OREGON STATE UNIVERSITY

Eisenberg, Cristina

Post Doctoral Fellow

Office Location: 
350 Richardson Hall
Phone: 
541-737-7524
406-270-5153
Email Address: 
Educational Background: 
  • 2012 - PhD in Forestry and Wildlife, Oregon State University, College of Forestry, Department of Forest Resources
  • 2006 - MA in Conservation Biology and Environmental Writing, Prescott College, Prescott, Arizona
  • 1989 - BFA in painting, California State University, Long Beach

Appointments:

  • Smithsonian Conservation Biology Institute Research Associate
  • Boone and Crockett Club Professional Member
Courses: 
  • FOR-FW/445-545 Ecological Restoration
  • FOR460 Forest Policy
Research Interests: 
  • Elk, Fire, and Wolf Ecology in Aspen and Grassland Communities in Waterton Lakes National Park: A Multi-Trophic Level Landscape-Scale Study.
  • Trophic Cascades Involving Humans, Keystone Predators, Elk, and Aspen in North-Central Colorado
  • Trophic Cascades Involving Humans, Wolves, Elk and Aspen in the Crown of the Continent Ecosystem
  • Southwest Alberta Montane Research Program
Selected Publications: 

Dissertation: Eisenberg, C. 2012. Complexity of Food Web Interactions in a Large Mammal System (Corvallis, OR: Oregon State University), 238 pp.

Peer-Reviewed Journal Articles:

  1. Eisenberg, C., S. T. Seager, and D. E. Hibbs. 2013. Wolf, elk, and aspen food web relationships: Context and complexity. Forest Ecology and Management, http://dx.doi.org/10.1016/j.foreco.2013.01.014 | PDF
  2. Seager, S. T., C. Eisenberg, and S. B. St. Clair. 2013. Patterns and consequences of ungulate herbivory on aspen in western North America. http://dx.doi.org/10.1016/j.foreco.2013.02.017 | PDF
  3. Rogers, P., C. Eisenberg, and S. B. St. Clair. 2013. Resilience in quaking aspen: Recent advances and future needs. http://dx.doi.org/ 10.1016/j.foreco.2012.11.008 | PDF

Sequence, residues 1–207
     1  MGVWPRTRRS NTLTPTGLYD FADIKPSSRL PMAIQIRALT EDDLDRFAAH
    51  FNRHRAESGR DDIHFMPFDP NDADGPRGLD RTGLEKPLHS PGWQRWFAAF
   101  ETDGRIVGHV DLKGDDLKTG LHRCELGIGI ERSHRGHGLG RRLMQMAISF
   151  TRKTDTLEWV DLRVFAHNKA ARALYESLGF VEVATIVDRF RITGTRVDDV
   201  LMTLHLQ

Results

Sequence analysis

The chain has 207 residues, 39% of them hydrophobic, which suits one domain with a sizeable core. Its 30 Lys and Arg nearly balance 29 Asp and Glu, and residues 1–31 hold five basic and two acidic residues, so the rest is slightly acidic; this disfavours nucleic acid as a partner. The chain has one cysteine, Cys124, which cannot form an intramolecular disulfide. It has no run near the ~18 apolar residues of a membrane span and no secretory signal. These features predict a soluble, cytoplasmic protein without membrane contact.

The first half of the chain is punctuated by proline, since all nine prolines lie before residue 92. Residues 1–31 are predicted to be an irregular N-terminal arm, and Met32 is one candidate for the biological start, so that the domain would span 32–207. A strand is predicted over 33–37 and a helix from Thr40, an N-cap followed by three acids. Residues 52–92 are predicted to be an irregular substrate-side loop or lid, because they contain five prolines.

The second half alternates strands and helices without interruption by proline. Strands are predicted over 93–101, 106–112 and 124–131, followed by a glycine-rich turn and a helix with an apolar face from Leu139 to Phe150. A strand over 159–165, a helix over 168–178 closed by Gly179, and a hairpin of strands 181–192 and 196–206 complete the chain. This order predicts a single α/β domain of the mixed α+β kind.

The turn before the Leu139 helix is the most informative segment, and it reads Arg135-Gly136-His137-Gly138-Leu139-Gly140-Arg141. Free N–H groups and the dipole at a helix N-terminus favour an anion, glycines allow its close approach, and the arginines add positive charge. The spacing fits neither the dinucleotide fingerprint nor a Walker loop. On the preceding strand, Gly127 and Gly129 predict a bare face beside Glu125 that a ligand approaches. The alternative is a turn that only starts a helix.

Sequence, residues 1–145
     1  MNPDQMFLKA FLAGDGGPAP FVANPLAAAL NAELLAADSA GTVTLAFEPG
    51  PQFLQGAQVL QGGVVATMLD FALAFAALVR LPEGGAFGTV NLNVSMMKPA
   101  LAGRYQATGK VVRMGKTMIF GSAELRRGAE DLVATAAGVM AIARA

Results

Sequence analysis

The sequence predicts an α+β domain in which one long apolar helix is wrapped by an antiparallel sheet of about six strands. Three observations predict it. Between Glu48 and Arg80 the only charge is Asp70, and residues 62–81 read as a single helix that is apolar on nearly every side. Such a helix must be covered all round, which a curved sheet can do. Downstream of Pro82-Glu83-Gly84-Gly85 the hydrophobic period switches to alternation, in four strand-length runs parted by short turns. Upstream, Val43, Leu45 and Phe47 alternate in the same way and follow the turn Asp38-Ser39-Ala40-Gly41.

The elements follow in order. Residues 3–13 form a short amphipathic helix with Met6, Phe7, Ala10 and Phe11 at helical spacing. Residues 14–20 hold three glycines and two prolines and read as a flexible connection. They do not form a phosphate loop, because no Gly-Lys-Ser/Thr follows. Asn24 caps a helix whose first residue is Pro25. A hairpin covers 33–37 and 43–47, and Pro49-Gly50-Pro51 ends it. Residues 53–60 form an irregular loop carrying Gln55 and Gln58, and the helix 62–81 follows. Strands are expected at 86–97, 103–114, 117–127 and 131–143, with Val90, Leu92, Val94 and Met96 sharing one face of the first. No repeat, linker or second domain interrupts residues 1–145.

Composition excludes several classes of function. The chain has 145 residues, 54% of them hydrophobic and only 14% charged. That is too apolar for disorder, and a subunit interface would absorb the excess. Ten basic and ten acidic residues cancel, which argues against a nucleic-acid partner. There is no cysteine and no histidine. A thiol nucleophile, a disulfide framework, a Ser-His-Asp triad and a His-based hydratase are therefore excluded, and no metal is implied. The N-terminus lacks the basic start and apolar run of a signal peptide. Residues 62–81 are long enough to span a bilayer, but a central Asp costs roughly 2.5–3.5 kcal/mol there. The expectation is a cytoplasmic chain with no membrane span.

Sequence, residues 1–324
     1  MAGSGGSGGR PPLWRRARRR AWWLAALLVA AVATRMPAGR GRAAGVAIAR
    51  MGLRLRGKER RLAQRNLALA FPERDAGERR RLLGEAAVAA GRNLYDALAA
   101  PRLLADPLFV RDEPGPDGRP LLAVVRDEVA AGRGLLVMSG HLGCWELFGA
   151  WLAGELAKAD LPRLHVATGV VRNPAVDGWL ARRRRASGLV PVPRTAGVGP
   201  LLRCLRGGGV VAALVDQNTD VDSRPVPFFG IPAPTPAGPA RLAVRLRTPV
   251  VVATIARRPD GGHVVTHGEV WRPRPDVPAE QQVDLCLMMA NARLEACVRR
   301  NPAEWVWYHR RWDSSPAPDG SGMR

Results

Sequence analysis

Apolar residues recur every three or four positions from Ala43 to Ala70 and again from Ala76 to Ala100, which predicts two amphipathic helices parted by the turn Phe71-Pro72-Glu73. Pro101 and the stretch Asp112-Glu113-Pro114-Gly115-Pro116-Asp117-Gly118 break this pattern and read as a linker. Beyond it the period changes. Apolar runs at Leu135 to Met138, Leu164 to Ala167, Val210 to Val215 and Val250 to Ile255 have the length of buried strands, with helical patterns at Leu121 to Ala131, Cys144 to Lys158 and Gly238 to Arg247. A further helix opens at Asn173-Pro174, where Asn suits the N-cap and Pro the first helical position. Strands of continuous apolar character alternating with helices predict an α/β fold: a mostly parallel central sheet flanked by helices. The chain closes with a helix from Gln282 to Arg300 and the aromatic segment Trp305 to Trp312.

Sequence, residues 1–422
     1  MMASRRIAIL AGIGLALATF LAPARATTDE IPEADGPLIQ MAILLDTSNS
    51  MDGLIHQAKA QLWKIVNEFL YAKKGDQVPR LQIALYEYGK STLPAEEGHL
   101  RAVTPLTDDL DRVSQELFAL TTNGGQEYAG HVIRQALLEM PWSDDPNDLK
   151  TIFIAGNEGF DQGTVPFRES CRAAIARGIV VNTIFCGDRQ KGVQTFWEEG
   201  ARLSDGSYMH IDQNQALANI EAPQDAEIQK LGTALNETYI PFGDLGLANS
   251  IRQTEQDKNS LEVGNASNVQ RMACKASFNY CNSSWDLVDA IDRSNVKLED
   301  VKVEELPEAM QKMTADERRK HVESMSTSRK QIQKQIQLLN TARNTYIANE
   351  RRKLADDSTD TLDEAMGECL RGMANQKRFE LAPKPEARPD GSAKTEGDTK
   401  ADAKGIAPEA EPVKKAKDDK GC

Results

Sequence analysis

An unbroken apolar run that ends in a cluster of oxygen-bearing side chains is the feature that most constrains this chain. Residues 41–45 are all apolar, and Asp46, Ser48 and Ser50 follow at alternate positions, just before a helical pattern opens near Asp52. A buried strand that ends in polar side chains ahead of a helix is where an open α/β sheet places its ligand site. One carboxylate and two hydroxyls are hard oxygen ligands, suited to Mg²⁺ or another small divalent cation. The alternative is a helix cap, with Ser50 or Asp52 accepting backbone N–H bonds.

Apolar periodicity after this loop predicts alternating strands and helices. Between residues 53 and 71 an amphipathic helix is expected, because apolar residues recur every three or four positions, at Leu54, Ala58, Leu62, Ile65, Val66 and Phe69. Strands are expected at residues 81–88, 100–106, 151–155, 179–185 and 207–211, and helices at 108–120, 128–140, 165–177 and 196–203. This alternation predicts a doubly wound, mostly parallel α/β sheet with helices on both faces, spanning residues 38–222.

4. Eisenberg, C., D. E. Hibbs, and W. J. Ripple, “Context dependence of elk vigilance and wolf predation risk,” Oecologia [in review].
  5. Eisenberg, C., D. E. Hibbs, and W. J. Ripple, “Effects of predation risk on elk landscape use in a wolf-dominated system,” Journal of Wildlife Management [in preparation].
  6. Eisenberg, C., “The Stoney Flats Grizzly,” Platte Valley Review, August 2011.
  7. Eisenberg, C., The Ecology of Fear," Whitefish Review, June 2010.
  8. Eisenberg, C., “Minnow Stahkoo,” NILAS (Nature in Legend and Stories) Annual Review, Summer 2010.
  9. Eisenberg, C., “Hejira,” Platte Valley Review, February 2010.
  10. Eisenberg, C., “The Literary Leopold,” Flyway: Journal of Writing and Environment 11.2 – 12.1 (2008).

Books and Book Chapters:

Eisenberg book jacket

  1. Eisenberg, C., “The Carnivore Way: Coexisting with and Conserving America’s Predators. Washington, DC: Island Press, 2014.
  2. Eisenberg, C., "Quantifying Wildness." in P. Hasbach, and P. Hahn, Eds., Rediscovery of the Wild. Massachusetts: Massachusetts Institute of Technology Press, 2013.
  3. Eisenberg, C., "Lessons from 763," in T. Fleischner, ed., The Way of Natural History. San Antonio: Trinity University Press, 2011.